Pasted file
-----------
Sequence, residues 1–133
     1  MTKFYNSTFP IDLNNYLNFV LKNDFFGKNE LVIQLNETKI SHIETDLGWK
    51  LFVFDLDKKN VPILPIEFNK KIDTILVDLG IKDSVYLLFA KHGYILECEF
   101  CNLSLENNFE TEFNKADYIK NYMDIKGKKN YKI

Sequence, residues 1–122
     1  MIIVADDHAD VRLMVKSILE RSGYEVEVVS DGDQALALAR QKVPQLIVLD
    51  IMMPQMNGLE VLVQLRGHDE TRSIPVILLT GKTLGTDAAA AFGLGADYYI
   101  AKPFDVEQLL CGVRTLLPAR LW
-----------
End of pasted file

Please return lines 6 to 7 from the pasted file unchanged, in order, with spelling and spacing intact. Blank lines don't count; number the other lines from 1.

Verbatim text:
     1  MIIVADDHAD VRLMVKSILE RSGYEVEVVS DGDQALALAR QKVPQLIVLD
    51  IMMPQMNGLE VLVQLRGHDE TRSIPVILLT GKTLGTDAAA AFGLGADYYI